Faith, family and fostering: Colin and Marie's story

Thursday 25 November 2021
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Marie and Colin were inspired to foster after seeing an ad in their church magazine. After encouragement from their church youth group, they approached Action for Children

Fourteen years on, the church continues to play a major role in Colin & Marie's fostering journey. Read on to learn about how this church community has welcomed fostered young people with open arms.

Attending church and fostering

Colin and Marie have introduced many of their foster children to their church.

Colin said: “When you foster, you don’t have to compromise on your Christianity. Most of our foster kids have gone to church with us. They love it.”

Marie said: “At church they’re treated as part of the family, not as foster children. Our youth worker has been brilliant with all our kids.”

Although children have really enjoyed going to church, Marie stresses the importance of respecting a young persons own religious identity and beliefs:

“We would never force a child to go to Church – the decision is always theirs. On the rare occasion [they haven't wanted to come to Church], we took it in turns to attend. Colin would go one week, and I would go the next.”

At church they’re treated as part of the family, not as foster children


Colin and Marie have been very open about their faith with the birth parents.

“We’ve actually found that the birth families have been delighted that their children have been going to church, even though they haven’t been churchgoers themselves. They've all been very positive about it.”

Youth group

The congregation are always really welcoming

A welcoming congregation

Initial introductions are not always easy for fostered young people, but the congregation at Colin and Marie’s church is always welcoming.

Colin said: “We've found that having a good relationship with our church helped. When one of our foster children first attended, he had trouble adapting.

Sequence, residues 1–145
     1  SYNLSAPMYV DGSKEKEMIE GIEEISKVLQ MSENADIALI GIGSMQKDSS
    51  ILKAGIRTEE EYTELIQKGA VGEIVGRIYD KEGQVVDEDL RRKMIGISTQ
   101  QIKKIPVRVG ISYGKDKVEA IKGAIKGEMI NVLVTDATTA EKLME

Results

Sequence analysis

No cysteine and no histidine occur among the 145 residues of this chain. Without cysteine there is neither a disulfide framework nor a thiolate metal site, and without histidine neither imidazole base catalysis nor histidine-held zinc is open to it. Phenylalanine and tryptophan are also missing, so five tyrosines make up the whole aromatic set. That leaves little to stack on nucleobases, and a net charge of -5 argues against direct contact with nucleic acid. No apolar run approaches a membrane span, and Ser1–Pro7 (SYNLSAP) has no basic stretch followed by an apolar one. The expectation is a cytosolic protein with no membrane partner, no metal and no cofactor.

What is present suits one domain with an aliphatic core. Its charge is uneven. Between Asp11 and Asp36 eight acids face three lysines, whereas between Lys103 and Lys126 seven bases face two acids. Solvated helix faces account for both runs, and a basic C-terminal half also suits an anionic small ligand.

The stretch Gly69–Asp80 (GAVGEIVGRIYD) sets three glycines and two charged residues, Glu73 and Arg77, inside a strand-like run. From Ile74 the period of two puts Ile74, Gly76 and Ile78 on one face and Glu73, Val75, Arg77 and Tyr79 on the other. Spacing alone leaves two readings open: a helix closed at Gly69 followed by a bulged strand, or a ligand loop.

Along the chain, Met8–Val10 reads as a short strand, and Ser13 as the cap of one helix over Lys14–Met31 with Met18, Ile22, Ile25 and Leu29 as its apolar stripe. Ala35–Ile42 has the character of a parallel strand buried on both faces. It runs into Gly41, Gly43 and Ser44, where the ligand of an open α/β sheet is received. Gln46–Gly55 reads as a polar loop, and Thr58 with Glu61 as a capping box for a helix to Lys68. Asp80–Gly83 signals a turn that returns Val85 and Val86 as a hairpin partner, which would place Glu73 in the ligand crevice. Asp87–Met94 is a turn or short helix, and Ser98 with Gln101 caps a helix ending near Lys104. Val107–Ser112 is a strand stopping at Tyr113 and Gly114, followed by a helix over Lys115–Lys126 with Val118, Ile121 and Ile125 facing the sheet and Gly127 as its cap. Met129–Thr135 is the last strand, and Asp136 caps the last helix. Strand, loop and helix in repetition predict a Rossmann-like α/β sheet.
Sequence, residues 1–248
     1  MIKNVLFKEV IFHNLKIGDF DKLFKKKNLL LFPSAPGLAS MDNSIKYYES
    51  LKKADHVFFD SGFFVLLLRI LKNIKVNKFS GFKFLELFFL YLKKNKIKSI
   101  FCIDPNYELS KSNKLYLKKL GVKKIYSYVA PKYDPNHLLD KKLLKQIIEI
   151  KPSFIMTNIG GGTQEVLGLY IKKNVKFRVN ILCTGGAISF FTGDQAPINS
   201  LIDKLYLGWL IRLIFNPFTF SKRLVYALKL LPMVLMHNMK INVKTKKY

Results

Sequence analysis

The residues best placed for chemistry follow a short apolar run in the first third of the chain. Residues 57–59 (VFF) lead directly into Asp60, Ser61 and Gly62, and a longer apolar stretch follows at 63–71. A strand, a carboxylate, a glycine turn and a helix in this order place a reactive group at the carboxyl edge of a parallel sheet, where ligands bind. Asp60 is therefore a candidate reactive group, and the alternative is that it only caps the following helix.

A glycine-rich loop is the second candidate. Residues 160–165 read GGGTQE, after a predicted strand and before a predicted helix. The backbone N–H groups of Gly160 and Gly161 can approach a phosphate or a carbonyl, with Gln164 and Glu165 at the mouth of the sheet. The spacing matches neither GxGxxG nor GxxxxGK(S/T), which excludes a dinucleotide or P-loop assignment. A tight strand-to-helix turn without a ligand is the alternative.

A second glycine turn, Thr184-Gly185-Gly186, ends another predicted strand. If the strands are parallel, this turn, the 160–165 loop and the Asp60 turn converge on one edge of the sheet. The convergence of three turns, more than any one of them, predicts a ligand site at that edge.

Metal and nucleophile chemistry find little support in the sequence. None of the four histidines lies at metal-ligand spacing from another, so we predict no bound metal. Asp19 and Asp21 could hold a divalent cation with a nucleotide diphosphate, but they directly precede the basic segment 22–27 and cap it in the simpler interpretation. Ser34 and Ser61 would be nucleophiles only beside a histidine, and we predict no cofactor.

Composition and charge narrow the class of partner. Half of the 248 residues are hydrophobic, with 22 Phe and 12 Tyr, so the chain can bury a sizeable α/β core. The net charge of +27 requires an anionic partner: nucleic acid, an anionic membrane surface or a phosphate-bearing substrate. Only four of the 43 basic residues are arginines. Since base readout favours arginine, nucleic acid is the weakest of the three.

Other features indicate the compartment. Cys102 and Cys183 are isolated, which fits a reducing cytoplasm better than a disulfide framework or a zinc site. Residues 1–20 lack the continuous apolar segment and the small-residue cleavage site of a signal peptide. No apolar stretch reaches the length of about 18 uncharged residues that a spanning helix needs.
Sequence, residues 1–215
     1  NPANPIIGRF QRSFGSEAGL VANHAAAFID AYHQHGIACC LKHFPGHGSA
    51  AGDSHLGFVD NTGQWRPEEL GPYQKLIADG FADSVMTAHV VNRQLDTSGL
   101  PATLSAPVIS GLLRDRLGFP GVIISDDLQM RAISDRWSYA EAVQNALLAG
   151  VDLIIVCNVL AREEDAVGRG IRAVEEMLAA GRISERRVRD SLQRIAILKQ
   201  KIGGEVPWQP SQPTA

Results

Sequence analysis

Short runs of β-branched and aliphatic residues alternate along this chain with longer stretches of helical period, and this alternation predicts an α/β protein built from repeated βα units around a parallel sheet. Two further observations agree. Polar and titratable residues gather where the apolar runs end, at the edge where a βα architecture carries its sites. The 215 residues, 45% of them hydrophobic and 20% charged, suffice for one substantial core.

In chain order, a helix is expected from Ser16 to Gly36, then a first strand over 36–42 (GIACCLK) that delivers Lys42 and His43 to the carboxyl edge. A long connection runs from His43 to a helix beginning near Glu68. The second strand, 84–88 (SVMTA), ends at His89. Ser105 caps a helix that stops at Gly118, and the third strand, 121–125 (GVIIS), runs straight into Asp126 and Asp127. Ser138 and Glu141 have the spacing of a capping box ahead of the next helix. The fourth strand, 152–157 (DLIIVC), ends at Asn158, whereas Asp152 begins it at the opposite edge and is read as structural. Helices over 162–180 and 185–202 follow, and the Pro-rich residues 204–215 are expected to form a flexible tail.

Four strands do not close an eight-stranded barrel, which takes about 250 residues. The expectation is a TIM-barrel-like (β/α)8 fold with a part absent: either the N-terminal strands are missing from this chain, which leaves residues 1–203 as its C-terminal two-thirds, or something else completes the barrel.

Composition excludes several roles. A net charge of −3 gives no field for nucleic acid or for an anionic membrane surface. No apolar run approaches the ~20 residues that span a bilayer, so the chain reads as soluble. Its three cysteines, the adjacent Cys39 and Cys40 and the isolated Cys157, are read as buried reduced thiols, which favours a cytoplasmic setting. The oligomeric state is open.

"The congregation were aware he’s fostered and very understanding of his behaviour. He soon settled down and now he loves church."

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If a young person doesn't want to go to church, Colin and Marie take it in turns to attend

Colin & Marie are delighted that their foster children have embraced church life. Several of their children are now baptised and confirmed.

Others have enjoyed the church’s youth organisations such as Pathfinders (Sunday School), Girls Brigade, Boys Brigade, and the youth group which Colin and Marie run.

Marie said “One of our foster children helps us run the youth group. She also arrives early for Girls Brigade to help with the young ones before joining her own age group. Another of our children was a leader in the Boys Brigade. It has been fantastic for them.”

An extended family

Whilst lockdown has changed church life, the family continued to attend every Sunday, even when services moved online. Marie said: “The church has been there for us throughout lockdown. They have made up different packs for the children. For Easter there were Easter eggs and for Mother’s Day they sent out different things to make."

The church has become an extended family for our foster children


"The children are always involved. There was one pack for Pathfinders with knitted teddies and a prayer. One of our children takes his teddy to bed with him every night.”

The couple believe that faith has an important part to play in fostering. “The church has become an extended family for our foster children. It has also been a massive support for us.”

Foster with Action for Children

We need foster carers to welcome young people with open arms into their homes and lives. If you would like to explore fostering, whether you have a faith or not, talk to us. We’ll answer your questions, talk you through the process and let you know what to expect.